Our actions on behalf of the poor and justice.

So here you are, as a result of the sermon today you perhaps feel more comfortable in your understanding of Jesus teaching about wealth

  • Perhaps you will recognise that your pension arrangements are not contrary to Jesus teaching
  • You might even be reassured if your house is worth more than you paid for it, it was a wise use of your talents such as Jesus would have approved of.
  • You can try and ensure that your possession of material wealth does not blunt you to the need for spiritual resources
  • I hope that you can go home from here today determined to try and ensure that you have the right priorities.

So, here endeth the sermon?   Well sadly no. That was in some ways the easy part. Now we have a real challenge on our hands. Of course the more you have the more you must give.

It is our responsibility as part of God's creation to participate with God in that creation by rectifying the imbalances we see all around us.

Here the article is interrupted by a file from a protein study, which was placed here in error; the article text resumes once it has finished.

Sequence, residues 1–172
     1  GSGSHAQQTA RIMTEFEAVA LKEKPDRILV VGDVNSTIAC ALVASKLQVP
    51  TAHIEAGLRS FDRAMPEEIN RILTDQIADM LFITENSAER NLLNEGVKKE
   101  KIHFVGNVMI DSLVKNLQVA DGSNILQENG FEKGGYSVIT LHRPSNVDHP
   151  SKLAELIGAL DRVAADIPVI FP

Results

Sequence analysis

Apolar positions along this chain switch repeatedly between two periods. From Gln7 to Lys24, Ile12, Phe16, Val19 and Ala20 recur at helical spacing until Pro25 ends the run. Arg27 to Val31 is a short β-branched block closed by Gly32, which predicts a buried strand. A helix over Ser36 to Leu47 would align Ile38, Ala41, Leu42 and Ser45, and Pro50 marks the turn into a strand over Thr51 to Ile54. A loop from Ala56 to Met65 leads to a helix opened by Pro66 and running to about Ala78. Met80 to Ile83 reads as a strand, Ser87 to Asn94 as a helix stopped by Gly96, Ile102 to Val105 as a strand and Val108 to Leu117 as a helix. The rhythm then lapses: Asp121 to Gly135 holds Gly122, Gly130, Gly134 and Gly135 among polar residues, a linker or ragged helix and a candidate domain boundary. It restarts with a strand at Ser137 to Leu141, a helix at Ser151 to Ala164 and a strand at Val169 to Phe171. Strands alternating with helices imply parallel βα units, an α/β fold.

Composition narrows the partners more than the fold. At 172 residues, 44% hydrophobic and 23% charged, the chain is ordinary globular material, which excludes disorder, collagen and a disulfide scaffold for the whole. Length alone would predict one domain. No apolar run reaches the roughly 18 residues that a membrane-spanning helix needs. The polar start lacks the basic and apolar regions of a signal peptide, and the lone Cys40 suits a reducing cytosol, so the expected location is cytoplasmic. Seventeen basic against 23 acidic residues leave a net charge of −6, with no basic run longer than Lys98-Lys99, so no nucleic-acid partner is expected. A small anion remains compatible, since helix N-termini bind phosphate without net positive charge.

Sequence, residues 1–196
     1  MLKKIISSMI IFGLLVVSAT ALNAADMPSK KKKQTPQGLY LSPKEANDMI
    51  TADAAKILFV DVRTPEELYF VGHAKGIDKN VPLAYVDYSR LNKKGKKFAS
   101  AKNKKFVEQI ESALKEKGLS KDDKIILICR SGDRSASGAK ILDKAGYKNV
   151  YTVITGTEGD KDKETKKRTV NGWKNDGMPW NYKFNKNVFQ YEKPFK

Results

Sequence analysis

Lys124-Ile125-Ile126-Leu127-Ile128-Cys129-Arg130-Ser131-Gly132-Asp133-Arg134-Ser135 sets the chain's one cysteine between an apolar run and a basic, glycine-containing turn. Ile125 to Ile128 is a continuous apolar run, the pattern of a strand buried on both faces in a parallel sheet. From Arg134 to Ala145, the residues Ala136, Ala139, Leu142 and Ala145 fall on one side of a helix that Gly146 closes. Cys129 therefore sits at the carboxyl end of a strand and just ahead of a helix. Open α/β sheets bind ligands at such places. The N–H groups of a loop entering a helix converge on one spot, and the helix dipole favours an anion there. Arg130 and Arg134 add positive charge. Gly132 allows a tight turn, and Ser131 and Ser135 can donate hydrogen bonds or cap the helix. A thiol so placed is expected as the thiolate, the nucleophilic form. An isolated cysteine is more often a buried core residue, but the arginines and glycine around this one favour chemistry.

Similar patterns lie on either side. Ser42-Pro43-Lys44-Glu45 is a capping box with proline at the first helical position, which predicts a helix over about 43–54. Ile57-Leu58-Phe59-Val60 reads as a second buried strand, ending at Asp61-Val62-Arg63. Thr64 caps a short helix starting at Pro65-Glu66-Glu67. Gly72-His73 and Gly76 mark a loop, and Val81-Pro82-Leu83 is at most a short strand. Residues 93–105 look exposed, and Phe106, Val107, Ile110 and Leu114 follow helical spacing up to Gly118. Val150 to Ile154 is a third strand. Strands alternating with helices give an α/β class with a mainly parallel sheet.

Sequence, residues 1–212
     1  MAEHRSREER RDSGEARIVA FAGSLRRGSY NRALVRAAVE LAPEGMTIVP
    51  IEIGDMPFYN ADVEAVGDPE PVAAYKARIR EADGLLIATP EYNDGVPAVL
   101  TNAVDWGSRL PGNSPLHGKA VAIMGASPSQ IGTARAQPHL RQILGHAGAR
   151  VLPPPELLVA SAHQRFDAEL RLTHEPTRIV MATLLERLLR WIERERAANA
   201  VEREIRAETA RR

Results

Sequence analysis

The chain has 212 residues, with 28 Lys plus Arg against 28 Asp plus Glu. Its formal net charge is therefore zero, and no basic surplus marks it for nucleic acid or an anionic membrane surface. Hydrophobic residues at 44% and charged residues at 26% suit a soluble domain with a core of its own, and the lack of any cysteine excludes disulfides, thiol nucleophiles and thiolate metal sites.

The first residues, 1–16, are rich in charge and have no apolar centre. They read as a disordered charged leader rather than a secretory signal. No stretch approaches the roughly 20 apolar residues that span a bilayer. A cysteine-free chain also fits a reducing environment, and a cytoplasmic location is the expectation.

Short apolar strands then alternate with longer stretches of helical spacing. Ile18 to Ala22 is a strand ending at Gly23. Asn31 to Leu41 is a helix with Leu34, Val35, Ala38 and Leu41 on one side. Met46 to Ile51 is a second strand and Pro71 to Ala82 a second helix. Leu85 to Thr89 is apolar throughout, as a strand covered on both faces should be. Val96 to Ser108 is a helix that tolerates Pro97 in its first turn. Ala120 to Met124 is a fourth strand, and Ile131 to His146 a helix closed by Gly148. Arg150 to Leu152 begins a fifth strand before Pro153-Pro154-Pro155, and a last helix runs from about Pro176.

In Matthew 25:35 we read:

"I was hungry and you gave me food, I was thirsty and you gave me drink, I was a stranger and you welcomed me, I was naked and you clothed me, I was sick and you visited me, I was in prison and you came to me."

We are called to be actively involved in levelling up the playing field. And this ministry is not just to those near at hand. It is particularly to those as described in verse 45 who are "...the least of these...." Those who lack most, who are at the bottom of the heap, for whom there seems to be no justice at all; the poor, the widow, the children, the sick and the outcast. It was our Lord who favoured them the most because their need was greatest. It is for us who have much, to ensure that all God's children have a fair share of God's gifts with which we have been blessed. It is a ministry of giving, not taking, of sharing and caring.